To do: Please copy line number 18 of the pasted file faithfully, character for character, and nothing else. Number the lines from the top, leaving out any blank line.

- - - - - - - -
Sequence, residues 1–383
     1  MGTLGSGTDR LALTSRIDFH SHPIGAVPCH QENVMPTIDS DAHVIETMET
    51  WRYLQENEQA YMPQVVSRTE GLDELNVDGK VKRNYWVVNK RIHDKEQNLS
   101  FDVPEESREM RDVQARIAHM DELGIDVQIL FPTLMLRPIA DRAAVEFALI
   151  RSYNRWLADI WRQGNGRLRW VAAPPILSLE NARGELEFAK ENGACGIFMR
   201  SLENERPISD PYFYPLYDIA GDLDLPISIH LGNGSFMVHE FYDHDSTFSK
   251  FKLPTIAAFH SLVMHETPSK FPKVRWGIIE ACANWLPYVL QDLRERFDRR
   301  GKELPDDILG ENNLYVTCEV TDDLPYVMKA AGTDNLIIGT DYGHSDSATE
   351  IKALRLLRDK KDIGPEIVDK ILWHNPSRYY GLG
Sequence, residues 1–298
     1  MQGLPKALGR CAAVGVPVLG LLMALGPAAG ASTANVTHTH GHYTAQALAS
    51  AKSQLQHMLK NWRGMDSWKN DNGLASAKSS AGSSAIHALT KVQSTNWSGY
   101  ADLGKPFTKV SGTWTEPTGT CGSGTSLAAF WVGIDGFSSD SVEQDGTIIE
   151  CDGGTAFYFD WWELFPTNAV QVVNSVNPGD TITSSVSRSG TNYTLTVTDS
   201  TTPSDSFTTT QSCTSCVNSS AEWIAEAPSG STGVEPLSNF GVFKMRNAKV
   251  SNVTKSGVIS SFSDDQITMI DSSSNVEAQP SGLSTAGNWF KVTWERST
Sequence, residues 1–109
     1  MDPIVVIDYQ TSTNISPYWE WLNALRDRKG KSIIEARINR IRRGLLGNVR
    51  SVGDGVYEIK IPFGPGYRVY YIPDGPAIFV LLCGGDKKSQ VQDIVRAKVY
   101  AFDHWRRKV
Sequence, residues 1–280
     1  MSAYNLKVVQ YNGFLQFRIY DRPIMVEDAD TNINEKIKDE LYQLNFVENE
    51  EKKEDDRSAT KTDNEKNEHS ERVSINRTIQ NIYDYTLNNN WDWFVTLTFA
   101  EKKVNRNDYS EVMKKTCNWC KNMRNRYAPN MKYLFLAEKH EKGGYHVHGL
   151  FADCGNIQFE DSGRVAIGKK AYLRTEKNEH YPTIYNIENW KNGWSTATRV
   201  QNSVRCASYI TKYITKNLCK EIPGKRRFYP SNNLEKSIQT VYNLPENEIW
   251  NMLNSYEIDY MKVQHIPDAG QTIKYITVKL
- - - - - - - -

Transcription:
     1  MDPIVVIDYQ TSTNISPYWE WLNALRDRKG KSIIEARINR IRRGLLGNVR